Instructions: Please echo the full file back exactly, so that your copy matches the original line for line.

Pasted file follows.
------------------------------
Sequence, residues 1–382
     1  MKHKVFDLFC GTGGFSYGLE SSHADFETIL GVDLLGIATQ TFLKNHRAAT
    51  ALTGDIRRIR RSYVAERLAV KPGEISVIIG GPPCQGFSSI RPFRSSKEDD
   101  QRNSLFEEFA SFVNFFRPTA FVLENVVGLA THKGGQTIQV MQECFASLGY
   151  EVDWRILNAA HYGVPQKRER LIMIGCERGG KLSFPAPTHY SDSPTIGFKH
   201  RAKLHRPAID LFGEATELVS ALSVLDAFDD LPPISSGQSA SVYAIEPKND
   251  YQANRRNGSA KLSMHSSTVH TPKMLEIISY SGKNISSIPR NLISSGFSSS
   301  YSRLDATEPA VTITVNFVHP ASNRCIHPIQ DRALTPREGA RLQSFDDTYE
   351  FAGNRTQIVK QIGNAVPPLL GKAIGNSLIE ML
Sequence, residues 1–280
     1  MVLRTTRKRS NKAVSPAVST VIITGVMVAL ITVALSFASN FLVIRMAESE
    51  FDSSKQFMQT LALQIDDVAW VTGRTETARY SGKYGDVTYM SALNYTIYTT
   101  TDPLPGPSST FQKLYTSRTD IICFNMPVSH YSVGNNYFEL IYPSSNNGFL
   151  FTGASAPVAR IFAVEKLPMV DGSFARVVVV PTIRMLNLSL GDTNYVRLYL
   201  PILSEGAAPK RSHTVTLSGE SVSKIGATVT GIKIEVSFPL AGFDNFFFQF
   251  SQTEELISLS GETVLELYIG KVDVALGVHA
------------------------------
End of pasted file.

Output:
Sequence, residues 1–382
     1  MKHKVFDLFC GTGGFSYGLE SSHADFETIL GVDLLGIATQ TFLKNHRAAT
    51  ALTGDIRRIR RSYVAERLAV KPGEISVIIG GPPCQGFSSI RPFRSSKEDD
   101  QRNSLFEEFA SFVNFFRPTA FVLENVVGLA THKGGQTIQV MQECFASLGY
   151  EVDWRILNAA HYGVPQKRER LIMIGCERGG KLSFPAPTHY SDSPTIGFKH
   201  RAKLHRPAID LFGEATELVS ALSVLDAFDD LPPISSGQSA SVYAIEPKND
   251  YQANRRNGSA KLSMHSSTVH TPKMLEIISY SGKNISSIPR NLISSGFSSS
   301  YSRLDATEPA VTITVNFVHP ASNRCIHPIQ DRALTPREGA RLQSFDDTYE
   351  FAGNRTQIVK QIGNAVPPLL GKAIGNSLIE ML
Sequence, residues 1–280
     1  MVLRTTRKRS NKAVSPAVST VIITGVMVAL ITVALSFASN FLVIRMAESE
    51  FDSSKQFMQT LALQIDDVAW VTGRTETARY SGKYGDVTYM SALNYTIYTT
   101  TDPLPGPSST FQKLYTSRTD IICFNMPVSH YSVGNNYFEL IYPSSNNGFL
   151  FTGASAPVAR IFAVEKLPMV DGSFARVVVV PTIRMLNLSL GDTNYVRLYL
   201  PILSEGAAPK RSHTVTLSGE SVSKIGATVT GIKIEVSFPL AGFDNFFFQF
   251  SQTEELISLS GETVLELYIG KVDVALGVHA